Spirit Airlines fed up, says government has hidden agenda

Spirit airlinesThis week, Spirit Airlines, mad about new airline disclosure rules, started adding a $4 “unintended consequences of DOT regulations” fee to ticket prices. It’s just the latest in a salvo of complaints by airlines over new fare disclosure rules they feel are unfair.

Spirit Airlines isn’t happy with the new rule requiring airlines to include all taxes and mandatory fees in the quoted airfare price and posted a big “Warning!” sign pop-up on the carrier’s website making that quite clear earlier this week. The pop-up is gone now but the information is still prominently displayed, urging consumers to contact their Congressional Representatives to complain.

In a direct attack on the new rules Spirit says “If the government can hide taxes in your airfares, then they can carry out their hidden agenda and quietly increase their taxes. (Yes, such talks are already underway.)” on their linked web site, keepmyfareslow.org.

Spirit believes that with the total price on display up front, it looks like airlines are raising their prices which could drive away consumers, something a low-cost airline can not afford.

“We’re against these new regulations because we actually think it reduces transparency,” Spirit Airlines CEO Ben Baldanza told Time this week. “We think it makes it harder for consumers to understand what they’re paying for.”

The new regulations of airline marketing also allow passengers to wait as long as 24 hours to pay for a reservation, a huge change from policies airlines have requiring immediate, nonrefundable payment for discount fares.

Here is where they might have a point: its a trade-off of sorts.

Airlines often struggle to fly full planes and need to have them full to make a profit. The airline gives a discount to attract buyers and expects that seat to stay sold in return.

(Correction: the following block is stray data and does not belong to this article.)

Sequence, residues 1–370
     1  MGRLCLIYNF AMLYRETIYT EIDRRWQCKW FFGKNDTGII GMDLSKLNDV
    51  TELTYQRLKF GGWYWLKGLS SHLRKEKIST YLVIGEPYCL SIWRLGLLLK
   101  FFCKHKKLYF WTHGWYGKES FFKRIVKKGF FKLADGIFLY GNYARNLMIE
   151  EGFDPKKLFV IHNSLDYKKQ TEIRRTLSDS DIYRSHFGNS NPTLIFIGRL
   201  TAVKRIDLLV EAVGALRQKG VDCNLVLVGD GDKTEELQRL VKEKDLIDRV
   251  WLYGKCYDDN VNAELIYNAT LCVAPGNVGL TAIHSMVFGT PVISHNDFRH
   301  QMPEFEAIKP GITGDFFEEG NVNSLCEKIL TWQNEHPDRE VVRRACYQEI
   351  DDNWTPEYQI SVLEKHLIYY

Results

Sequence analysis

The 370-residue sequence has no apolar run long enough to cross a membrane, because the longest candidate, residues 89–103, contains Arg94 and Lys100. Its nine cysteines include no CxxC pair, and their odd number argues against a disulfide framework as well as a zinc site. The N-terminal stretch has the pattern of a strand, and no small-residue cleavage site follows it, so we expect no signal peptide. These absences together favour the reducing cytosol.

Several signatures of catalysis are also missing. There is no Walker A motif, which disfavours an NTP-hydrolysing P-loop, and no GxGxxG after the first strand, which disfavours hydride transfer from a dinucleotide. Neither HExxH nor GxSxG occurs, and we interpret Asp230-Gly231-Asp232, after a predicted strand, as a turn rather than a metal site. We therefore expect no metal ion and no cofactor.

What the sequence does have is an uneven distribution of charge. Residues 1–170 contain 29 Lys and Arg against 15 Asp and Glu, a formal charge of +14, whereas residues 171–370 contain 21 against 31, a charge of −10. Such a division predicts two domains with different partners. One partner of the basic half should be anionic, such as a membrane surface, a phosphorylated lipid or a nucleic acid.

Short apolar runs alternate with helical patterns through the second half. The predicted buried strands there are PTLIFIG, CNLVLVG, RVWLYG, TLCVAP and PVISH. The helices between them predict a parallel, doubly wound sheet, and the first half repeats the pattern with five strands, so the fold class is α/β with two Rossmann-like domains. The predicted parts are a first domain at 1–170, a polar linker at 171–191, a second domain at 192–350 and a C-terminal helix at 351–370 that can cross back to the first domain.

Spirit CEO Ben Baldanza said in a statement that “the new rule takes seats out of circulation, albeit temporarily, limiting the inventory for people willing to pay on the spot. As a result, he said, the airline now has to spread costs over fewer passengers, and add the $4 fee” reported the Las Vegas Review-Journal.

Confusing? Looking at this from a different angle might provide some clarity. This is an issue that cruise lines, exempt from disclosure rules, have begun dealing with recently also.

Traditionally doing what DOT rules are having airlines do just now, travel agents or passengers booking directly could put a courtesy hold on a cruise cabin to lock in the price and availability for a given period of time. That took the cabin out of the available inventory for others to choose from, much like airlines are being forced to do now. Affecting available inventory and pricing even more, huge blocks of cabins on a given sailing could be held out of available inventory for a proposed group sailing, artificially inflating occupancy levels.

On the other end, cruise line cancellation policies were more generous in the past, allowing passengers to book up to a year or more in advance and cancel just before final payment with no penalty. Cancellation charges started on the day final payment was due and increased as the date of sailing came closer, to where if passengers canceled within 7 days of sailing the cancellation penalties would be as much as was paid for the booking. Now, that 100% penalty time is happening farther out from sailing, giving the cruise line more time to sell that cabin to someone else and further discouraging passengers from cancelling.